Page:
Anatomic development of the upper airway during the first five years of life: A three-dimensional imaging study

Ying Ji Chuang, Seong Jae Hwang, Kevin A. Buhr, Courtney A. Miller, Gregory D. Avey, Brad H. Story, Houri K. Vorperian

Research output: Contribution to journalArticlepeer-review

4 Scopus citations


Purpose Normative data on the growth and development of the upper airway across the sexes is needed for the diagnosis and treatment of congenital and acquired respiratory anomalies and to gain insight on developmental changes in speech acoustics and disorders with craniofacial anomalies. Methods The growth of the upper airway in children ages birth to 5 years, as compared to adults, was quantified using an imaging database with computed tomography studies from typically developing individuals. Methodological criteria for scan inclusion and airway measurements included: head position, histogram-based airway segmentation, anatomic landmark placement, and development of a semi-automatic centerline for data extraction. A comprehensive set of 2D and 3D supra- and sub-glottal measurements from the choanae to tracheal opening were obtained including: naso-oro-laryngo-pharynx subregion volume and length, each subregion’s superior and inferior cross-sectional-area, and antero-posterior and transverse/ width distances. Results Growth of the upper airway during the first 5 years of life was more pronounced in the vertical and transverse/lateral dimensions than in the antero-posterior dimension. By age 5 years, females have larger pharyngeal measurement than males. Prepubertal sex-differences were identified in the subglottal region. Conclusions Our findings demonstrate the importance of studying the growth of the upper airway in 3D. As the lumen length increases, its shape changes, becoming increasingly elliptical during the first 5 years of life. This study also emphasizes the importance of methodological considerations for both image acquisition and data extraction, as well as the use of consistent anatomic structures in defining pharyngeal regions.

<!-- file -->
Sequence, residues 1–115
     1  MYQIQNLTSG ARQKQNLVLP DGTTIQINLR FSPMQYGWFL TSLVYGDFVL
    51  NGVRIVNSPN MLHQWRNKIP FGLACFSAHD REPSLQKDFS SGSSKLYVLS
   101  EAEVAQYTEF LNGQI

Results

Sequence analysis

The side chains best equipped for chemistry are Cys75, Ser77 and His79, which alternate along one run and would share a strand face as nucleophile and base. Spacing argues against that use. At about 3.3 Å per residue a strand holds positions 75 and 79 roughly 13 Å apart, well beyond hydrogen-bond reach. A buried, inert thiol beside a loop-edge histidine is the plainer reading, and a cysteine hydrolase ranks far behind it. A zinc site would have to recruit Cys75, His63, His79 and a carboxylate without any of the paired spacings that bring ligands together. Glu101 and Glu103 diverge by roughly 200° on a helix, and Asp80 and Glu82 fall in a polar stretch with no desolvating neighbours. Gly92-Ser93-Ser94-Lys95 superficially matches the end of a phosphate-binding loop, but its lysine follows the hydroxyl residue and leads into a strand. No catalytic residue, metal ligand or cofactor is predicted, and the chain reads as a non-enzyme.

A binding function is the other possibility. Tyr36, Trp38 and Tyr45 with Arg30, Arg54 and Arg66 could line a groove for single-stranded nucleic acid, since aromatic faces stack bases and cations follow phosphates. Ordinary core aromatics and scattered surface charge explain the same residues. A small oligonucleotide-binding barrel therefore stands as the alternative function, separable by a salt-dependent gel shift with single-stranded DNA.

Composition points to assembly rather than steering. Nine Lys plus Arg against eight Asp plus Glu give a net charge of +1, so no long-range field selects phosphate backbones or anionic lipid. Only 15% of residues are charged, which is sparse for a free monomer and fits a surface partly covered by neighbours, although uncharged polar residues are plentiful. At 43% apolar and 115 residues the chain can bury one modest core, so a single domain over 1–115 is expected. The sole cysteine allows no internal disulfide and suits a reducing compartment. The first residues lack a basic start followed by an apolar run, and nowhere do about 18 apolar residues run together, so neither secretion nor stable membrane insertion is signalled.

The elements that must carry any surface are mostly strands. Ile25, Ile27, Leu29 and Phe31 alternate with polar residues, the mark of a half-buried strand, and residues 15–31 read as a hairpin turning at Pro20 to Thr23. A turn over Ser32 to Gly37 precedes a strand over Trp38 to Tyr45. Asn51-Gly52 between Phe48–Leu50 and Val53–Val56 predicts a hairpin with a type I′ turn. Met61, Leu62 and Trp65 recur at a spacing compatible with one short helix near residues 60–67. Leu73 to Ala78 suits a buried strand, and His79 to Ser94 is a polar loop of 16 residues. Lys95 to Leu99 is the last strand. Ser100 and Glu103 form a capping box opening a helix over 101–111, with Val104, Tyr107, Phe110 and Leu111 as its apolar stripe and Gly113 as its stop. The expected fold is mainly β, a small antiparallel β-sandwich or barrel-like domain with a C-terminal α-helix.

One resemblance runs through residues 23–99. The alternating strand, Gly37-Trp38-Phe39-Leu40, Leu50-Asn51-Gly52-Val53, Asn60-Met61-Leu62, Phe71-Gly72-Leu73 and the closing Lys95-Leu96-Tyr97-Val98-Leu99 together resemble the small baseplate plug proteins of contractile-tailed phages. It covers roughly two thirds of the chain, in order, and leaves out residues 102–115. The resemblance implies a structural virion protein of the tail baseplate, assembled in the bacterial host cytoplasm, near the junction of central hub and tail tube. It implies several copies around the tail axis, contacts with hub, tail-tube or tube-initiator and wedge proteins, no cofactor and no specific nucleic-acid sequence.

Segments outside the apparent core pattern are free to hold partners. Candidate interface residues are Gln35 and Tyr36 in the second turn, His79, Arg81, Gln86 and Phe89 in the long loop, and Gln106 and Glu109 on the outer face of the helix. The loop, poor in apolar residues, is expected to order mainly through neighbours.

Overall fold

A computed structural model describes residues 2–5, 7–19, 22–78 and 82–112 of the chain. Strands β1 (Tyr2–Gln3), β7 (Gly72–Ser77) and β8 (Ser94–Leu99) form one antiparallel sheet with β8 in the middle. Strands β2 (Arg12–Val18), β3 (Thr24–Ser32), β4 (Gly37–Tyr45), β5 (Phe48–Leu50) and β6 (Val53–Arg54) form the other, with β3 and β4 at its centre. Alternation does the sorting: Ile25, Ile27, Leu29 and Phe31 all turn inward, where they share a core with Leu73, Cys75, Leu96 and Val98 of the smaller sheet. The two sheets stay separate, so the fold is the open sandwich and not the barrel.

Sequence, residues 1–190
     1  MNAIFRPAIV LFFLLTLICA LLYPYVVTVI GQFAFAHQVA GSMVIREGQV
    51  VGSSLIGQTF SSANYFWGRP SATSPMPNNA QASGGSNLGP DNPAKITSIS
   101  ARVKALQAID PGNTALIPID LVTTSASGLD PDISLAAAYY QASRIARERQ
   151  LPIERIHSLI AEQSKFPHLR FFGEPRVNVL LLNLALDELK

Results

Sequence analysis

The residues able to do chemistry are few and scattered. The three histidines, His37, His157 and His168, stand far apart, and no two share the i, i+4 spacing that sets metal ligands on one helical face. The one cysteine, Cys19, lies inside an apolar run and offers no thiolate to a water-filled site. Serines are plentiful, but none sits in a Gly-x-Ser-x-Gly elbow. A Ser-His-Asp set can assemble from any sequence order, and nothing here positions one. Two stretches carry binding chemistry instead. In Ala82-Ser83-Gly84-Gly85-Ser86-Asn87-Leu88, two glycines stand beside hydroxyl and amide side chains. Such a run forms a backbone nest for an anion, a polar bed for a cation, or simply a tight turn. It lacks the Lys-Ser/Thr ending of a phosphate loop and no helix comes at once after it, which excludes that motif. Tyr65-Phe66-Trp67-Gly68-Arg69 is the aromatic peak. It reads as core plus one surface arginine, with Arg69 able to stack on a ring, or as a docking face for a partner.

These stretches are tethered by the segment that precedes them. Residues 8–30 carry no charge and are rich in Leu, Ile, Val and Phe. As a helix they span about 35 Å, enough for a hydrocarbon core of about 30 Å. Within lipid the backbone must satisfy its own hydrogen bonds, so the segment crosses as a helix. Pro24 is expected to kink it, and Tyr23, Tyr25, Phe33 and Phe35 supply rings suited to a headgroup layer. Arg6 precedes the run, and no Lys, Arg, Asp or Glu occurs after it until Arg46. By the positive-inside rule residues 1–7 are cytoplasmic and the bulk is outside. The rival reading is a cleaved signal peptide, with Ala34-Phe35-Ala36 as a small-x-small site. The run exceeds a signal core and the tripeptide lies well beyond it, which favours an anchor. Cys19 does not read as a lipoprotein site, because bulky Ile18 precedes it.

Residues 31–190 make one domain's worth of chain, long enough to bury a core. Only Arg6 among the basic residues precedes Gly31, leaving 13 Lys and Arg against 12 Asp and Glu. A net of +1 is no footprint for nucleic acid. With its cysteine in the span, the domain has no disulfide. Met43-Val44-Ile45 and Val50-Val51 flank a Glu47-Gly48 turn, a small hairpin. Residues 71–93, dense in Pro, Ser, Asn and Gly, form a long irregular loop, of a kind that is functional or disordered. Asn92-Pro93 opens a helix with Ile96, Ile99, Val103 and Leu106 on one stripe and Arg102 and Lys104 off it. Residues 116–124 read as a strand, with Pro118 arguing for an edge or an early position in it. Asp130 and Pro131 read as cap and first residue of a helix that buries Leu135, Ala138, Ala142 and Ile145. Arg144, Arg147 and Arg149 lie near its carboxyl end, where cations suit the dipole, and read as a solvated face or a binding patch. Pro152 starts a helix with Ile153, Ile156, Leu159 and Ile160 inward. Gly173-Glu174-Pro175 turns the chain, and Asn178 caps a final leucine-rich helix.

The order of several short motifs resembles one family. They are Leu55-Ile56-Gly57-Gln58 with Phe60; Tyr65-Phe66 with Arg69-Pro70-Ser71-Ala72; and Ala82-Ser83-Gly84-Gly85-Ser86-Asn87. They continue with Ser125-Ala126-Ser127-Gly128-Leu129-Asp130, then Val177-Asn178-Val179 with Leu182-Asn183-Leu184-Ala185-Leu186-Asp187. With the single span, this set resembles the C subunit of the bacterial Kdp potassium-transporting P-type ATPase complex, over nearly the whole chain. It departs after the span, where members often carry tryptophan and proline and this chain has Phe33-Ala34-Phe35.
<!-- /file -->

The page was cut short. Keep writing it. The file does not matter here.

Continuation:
Original languageEnglish (US)
Article numbere0264981
JournalPloS one
Issue number3 March
StatePublished - Mar 2022

ASJC Scopus subject areas

  • General


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